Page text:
Ten Percent of People With Depression or Anxiety May Also Have Bipolar Disorder
Bipolar disorder is believed to be widely under-diagnosed, with many people going their entire lives without ever being clinically diagnosed or treated. However, a new study may provide a new avenue to improve diagnosis rates by improving identification of bipolar disorder in individuals who have already been diagnosed with depression or anxiety.
The new report, published in the British Journal of General Practice, shows that approximately 10 percent of patients in the United Kingdom who are already prescribed antidepressants for depression or anxiety also suffer from undiagnosed bipolar disorder.
“Bipolar disorder is a serious problem, with high levels of disability and the risk of suicide. When it is present in depressed patients it can easily be overlooked,” said Dr. Tom Hughes, Consultant Psychiatrist at Leeds and York Partnership NHS Foundation Trust and the University of Leeds, in a statement “Under-diagnosis and over-diagnosis of illnesses bring problems. Our General Practitioners are the greatest part of the best nationwide health service in the world. We hope this study will be of some help to them and to their patients in helping the better recognition of this important and disabling condition.”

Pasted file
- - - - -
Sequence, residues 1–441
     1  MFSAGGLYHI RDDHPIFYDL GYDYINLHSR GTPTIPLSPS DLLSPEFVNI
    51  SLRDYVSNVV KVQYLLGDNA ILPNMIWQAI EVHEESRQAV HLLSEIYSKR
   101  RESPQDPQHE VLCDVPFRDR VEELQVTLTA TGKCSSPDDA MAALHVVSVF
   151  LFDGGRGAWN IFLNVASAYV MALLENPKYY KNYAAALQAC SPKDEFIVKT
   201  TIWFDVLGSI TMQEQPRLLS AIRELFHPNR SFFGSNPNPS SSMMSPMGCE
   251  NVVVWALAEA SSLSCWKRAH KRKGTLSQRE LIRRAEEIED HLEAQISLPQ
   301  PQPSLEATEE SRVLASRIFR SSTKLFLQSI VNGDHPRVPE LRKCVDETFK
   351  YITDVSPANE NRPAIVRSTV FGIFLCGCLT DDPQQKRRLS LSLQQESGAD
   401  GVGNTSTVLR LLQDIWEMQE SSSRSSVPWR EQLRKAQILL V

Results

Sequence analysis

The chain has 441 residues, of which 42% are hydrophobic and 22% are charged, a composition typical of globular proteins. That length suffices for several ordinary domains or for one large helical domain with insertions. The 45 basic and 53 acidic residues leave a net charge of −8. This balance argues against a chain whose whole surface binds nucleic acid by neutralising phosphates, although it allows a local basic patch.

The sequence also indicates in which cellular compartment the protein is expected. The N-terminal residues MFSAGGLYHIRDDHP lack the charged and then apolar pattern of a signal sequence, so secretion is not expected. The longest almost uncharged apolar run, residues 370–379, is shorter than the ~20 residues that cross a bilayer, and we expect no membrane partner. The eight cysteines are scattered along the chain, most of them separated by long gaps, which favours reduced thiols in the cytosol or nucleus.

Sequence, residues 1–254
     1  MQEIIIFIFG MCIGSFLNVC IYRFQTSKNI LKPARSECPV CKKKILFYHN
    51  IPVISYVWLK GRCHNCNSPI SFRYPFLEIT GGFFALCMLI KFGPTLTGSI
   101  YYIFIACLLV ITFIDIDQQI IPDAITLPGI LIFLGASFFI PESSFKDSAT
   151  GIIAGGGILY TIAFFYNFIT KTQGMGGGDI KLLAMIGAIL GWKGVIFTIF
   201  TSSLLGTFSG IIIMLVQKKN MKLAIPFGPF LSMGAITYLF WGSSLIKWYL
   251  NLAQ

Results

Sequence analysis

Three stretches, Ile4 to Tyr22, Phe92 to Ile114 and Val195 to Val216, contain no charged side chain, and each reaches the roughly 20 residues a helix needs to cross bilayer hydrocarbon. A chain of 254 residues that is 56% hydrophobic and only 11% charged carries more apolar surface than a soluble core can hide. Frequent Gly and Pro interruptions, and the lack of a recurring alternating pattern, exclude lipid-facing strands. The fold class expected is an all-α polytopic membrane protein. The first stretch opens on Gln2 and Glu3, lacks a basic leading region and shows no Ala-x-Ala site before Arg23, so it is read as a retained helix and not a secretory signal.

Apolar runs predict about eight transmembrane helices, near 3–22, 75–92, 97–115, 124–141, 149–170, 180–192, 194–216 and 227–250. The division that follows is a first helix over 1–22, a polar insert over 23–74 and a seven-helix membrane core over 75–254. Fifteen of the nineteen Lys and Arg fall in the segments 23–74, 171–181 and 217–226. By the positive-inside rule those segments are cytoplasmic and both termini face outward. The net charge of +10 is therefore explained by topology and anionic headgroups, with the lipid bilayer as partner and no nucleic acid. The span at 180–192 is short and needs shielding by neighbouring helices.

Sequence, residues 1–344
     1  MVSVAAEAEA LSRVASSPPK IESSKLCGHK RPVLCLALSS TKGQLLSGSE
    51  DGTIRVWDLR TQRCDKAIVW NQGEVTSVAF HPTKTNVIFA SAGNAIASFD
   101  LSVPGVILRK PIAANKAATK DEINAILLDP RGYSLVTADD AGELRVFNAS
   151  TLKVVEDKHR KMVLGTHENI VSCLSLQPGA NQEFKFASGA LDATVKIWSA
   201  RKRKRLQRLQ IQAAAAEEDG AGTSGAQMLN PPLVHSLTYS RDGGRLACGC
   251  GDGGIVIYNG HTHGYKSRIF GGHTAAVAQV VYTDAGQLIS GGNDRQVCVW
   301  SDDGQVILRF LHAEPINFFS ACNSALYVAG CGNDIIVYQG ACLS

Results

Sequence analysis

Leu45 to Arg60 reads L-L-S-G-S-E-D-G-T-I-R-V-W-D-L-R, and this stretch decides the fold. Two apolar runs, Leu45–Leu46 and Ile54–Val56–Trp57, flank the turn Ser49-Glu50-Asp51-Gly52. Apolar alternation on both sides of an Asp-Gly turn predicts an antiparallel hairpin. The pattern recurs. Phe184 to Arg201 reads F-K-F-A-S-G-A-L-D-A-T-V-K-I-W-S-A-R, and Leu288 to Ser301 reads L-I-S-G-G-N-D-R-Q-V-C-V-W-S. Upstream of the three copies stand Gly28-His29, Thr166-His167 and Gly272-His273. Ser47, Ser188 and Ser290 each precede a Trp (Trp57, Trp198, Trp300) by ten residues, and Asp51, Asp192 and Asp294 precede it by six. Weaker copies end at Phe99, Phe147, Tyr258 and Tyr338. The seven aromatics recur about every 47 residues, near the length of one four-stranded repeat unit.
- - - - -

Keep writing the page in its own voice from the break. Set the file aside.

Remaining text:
For the study, Hughes and his colleagues from Leeds and York Partnership NHS Foundation Trust and the School of Medicine at the University of Leeds recruited young adults from general practices across the UK. They found around 10 percent of the participants between the ages of 16 and 40 who were prescribed antidepressants for anxiety or depression also experienced unrecognized bipolar disorder. The rates were even higher for younger participants and those with a history of severe episodes of depression.
The team said they were not surprised with their findings, as bipolar disorder shares many symptoms with depression, anxiety, and even borderline personality disorder. They also noted many patients tend to experience periods of symptoms such as energy and activity, increased confidence, over-talkativeness, or being easily distracted, but do not share that with their doctors because they don’t believe it is important. This leads to misdiagnosis and improper treatment and medication.
The findings lead the team to recommend that healthcare professionals conduct more thorough reviews of their patients’ psychiatric histories of depression and anxiety. They also suggest exploring other potential risk factors for sudden bipolar episodes such as a patient’s upbringing, brain structure, environment, and history of substance abuse.